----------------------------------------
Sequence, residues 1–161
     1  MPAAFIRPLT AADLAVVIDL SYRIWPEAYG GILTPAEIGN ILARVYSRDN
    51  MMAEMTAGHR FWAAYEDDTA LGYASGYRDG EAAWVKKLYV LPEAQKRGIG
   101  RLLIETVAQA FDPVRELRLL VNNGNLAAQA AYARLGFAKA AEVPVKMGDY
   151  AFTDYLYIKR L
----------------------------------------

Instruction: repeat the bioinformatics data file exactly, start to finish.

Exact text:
Sequence, residues 1–161
     1  MPAAFIRPLT AADLAVVIDL SYRIWPEAYG GILTPAEIGN ILARVYSRDN
    51  MMAEMTAGHR FWAAYEDDTA LGYASGYRDG EAAWVKKLYV LPEAQKRGIG
   101  RLLIETVAQA FDPVRELRLL VNNGNLAAQA AYARLGFAKA AEVPVKMGDY
   151  AFTDYLYIKR L